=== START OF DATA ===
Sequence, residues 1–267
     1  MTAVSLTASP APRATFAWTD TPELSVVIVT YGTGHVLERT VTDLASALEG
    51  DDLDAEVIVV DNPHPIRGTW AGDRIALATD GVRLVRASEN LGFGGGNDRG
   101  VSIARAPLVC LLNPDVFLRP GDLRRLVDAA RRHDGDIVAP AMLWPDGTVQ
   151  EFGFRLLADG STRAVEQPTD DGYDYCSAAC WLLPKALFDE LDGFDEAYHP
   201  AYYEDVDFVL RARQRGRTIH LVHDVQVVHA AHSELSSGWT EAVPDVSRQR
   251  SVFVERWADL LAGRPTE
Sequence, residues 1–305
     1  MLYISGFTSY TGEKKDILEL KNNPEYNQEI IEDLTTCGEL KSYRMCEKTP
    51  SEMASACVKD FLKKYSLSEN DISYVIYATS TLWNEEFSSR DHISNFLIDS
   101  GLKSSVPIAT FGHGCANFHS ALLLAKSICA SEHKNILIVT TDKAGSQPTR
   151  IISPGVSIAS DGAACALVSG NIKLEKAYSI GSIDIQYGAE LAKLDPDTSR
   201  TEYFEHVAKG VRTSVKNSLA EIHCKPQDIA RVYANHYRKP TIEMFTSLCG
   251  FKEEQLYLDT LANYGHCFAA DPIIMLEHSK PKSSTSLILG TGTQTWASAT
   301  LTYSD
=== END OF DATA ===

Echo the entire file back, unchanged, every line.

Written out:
Sequence, residues 1–267
     1  MTAVSLTASP APRATFAWTD TPELSVVIVT YGTGHVLERT VTDLASALEG
    51  DDLDAEVIVV DNPHPIRGTW AGDRIALATD GVRLVRASEN LGFGGGNDRG
   101  VSIARAPLVC LLNPDVFLRP GDLRRLVDAA RRHDGDIVAP AMLWPDGTVQ
   151  EFGFRLLADG STRAVEQPTD DGYDYCSAAC WLLPKALFDE LDGFDEAYHP
   201  AYYEDVDFVL RARQRGRTIH LVHDVQVVHA AHSELSSGWT EAVPDVSRQR
   251  SVFVERWADL LAGRPTE
Sequence, residues 1–305
     1  MLYISGFTSY TGEKKDILEL KNNPEYNQEI IEDLTTCGEL KSYRMCEKTP
    51  SEMASACVKD FLKKYSLSEN DISYVIYATS TLWNEEFSSR DHISNFLIDS
   101  GLKSSVPIAT FGHGCANFHS ALLLAKSICA SEHKNILIVT TDKAGSQPTR
   151  IISPGVSIAS DGAACALVSG NIKLEKAYSI GSIDIQYGAE LAKLDPDTSR
   201  TEYFEHVAKG VRTSVKNSLA EIHCKPQDIA RVYANHYRKP TIEMFTSLCG
   251  FKEEQLYLDT LANYGHCFAA DPIIMLEHSK PKSSTSLILG TGTQTWASAT
   301  LTYSD